10 Tips On Surviving Your First Job After Being A Student
Check out the dress code expected of you at your new place of work and adhere to it as closely as your budget will allow. Nobody expects their new recruits in Chanel and Hugo Boss but clean, smart, tidy and decent go a long way to creating the right impression, both to your new bosses and colleagues, but also, if it is a customer facing position, to the clients.
Don’t be over familiar or nosey or interfering with things you know nothing about during your first weeks. Feel your way in - don’t go barging in as if you know everything - nothing will get others backs up more than obnoxious behaviour from a brand new staff member. You may get a reputation for life and in a small industry, you never know where you may come across these people again.
Once you have found your feet, you can start to make suggestions and give ideas for improvement, and be a little more creative in the work that you are asked to do. Reign it in a bit though and don’t go too far with your initiatives or you may put some noses out of joint.
Again, once you have been doing a job for a while you can look to find new and innovative ways to save time or money. If you can really pull this off, you will make an impact, and this will get you noticed when it comes to promotion or working in other departments or branches.
In any workplace situation, there will be the “rainmakers” and high flyers who will open your eyes to new and exciting prospects, ideas and methods of doing things. Align yourself with these types of people and look for inspiration from them. Do not waste the value of your early experiences by hanging out with the people who do not inspire - there will be plenty of time for those in the “real” workplace later on in your career.
You will probably never get another chance to be as guided, be allowed to make mistakes and have mentoring, on the scale that you will experience in your first job. In general, everybody will be helpful to you and want to give advice. Take all of this on board and be receptive to others needs. You may not know the whole picture and being obstructive is not going to win you any friends. Being cooperative will help to secure your position as a team player.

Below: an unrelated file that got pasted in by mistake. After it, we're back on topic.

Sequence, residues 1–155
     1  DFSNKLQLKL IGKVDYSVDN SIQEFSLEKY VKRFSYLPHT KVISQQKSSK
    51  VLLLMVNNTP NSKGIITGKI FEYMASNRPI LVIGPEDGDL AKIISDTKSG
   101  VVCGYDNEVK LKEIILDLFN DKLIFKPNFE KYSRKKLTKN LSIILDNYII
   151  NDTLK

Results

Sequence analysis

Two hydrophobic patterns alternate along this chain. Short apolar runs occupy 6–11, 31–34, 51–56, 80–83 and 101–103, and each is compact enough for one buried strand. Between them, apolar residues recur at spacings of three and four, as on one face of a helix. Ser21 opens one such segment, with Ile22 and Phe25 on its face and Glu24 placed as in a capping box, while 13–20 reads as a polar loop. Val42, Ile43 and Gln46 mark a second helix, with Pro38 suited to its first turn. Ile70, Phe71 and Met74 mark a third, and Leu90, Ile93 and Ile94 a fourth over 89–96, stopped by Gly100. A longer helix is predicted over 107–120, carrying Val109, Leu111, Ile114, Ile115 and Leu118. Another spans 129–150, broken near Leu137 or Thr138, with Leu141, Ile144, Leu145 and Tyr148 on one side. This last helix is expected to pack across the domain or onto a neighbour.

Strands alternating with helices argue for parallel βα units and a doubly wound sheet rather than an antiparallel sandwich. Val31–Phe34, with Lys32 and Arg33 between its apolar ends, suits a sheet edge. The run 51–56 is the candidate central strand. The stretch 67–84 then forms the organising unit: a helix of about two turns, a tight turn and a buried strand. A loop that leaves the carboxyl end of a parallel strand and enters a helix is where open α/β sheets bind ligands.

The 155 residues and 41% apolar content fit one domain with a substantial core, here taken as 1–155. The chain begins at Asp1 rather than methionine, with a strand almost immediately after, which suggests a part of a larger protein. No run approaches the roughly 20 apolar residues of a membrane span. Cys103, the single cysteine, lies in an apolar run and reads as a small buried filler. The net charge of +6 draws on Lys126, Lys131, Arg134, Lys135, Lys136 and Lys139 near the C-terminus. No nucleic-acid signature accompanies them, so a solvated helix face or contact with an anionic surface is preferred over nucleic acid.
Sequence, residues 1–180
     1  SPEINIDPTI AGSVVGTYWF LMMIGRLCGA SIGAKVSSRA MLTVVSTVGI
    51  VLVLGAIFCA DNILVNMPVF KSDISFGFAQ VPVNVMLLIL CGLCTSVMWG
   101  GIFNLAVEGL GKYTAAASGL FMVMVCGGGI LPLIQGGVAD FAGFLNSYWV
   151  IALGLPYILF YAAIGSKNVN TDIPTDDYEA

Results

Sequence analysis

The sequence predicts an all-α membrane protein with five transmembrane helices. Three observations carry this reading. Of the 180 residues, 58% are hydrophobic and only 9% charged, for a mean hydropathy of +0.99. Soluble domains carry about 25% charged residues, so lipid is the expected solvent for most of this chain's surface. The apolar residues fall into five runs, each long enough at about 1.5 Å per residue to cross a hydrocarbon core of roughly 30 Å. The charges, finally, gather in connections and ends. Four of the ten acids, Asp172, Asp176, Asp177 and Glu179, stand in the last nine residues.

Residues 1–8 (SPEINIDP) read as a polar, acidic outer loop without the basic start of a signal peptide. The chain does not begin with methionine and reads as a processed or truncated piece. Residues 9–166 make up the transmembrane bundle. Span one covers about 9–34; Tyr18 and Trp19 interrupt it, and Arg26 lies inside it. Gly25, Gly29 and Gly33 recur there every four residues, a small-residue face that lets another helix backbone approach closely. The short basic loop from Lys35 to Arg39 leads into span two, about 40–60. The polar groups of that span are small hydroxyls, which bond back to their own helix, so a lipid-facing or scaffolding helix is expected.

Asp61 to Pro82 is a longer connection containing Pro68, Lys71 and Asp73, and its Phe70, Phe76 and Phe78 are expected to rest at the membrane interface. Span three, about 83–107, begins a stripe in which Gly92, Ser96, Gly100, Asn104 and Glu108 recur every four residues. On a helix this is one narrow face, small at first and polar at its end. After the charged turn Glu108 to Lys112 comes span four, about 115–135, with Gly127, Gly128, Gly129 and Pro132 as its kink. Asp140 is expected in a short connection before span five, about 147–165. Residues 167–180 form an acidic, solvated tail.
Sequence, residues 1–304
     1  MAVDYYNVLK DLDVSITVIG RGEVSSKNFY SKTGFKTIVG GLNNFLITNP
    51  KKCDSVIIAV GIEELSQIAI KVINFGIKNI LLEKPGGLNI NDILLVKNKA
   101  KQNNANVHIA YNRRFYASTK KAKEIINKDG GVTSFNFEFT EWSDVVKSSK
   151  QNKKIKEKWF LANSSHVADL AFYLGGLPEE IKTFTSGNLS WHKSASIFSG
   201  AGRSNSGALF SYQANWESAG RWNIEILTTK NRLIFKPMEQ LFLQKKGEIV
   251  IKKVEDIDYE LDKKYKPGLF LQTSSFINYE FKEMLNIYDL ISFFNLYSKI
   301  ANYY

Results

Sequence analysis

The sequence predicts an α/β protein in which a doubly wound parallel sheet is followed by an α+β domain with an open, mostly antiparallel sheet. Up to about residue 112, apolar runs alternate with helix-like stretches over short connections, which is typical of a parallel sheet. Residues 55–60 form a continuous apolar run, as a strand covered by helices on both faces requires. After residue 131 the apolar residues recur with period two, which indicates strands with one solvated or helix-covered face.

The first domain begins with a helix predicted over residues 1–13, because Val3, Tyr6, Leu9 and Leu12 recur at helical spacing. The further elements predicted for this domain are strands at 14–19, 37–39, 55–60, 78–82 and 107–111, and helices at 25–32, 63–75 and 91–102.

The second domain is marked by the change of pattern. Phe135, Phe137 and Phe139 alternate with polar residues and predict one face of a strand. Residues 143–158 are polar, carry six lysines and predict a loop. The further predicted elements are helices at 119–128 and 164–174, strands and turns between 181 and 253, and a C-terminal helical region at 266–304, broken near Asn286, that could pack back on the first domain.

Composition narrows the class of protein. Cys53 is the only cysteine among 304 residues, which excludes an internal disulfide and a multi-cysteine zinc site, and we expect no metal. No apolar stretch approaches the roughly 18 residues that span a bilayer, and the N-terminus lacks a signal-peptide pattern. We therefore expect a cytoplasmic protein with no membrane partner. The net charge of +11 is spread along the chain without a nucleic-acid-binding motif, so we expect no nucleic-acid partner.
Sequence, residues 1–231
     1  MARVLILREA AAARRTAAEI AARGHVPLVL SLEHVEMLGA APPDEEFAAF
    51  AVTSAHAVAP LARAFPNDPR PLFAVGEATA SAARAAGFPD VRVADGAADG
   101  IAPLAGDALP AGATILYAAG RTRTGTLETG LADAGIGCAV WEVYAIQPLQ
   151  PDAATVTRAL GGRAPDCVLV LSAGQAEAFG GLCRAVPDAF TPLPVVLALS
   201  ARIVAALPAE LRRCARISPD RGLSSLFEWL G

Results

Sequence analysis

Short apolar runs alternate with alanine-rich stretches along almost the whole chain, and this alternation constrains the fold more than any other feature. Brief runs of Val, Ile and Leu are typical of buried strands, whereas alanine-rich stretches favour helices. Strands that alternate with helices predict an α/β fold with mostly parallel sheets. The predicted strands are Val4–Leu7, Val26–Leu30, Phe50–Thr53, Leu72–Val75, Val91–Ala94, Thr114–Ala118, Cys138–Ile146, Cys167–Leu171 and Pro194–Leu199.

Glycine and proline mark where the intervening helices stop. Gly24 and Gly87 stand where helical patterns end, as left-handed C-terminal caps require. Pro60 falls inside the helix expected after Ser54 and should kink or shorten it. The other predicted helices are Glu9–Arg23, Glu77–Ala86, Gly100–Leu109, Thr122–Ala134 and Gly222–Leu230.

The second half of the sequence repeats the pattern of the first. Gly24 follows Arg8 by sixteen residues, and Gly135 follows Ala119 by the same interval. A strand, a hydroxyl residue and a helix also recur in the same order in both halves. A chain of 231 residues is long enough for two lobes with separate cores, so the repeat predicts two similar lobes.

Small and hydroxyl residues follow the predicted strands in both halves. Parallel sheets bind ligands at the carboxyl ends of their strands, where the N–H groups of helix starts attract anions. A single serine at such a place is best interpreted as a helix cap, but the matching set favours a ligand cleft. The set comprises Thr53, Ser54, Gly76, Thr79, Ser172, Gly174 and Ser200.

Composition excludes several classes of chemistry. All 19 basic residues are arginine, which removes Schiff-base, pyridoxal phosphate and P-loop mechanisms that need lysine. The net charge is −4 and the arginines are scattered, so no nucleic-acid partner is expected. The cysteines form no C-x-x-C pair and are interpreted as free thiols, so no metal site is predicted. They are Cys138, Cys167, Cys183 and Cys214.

Be on time
Get, and keep, a reputation for for timekeeping. If you can be seen to be efficient and manage your time well, it will get you noticed. To be fair being late and not managing your time will also get you noticed - but for all the wrong reasons.
Always go the extra mile and put yourself out to be helpful and anticipate anything that will ease your colleagues workloads or make life more pleasant generally. This will go a long way to you becoming accepted as part of the team and allow you to suggest new initiatives and ideas without seeming to be too pushy.
In your early days at work pay attention to everything people say to you, how they operate both machinery and organise their time, desks, schedules and appointments. Pay special attention when they deal with customers either in person, by phone or by written letter or email. These insights are invaluable and will enable you to pick which work best and which are not so great and can be utilised for the rest of your career.
Nobody likes to work with a grouchy, moany starter at work. Be keen and willing to take advice and act on it and your colleagues will enjoy working with you and your bosses will notice you that much quicker.
Good luck - and don’t forget to smile ...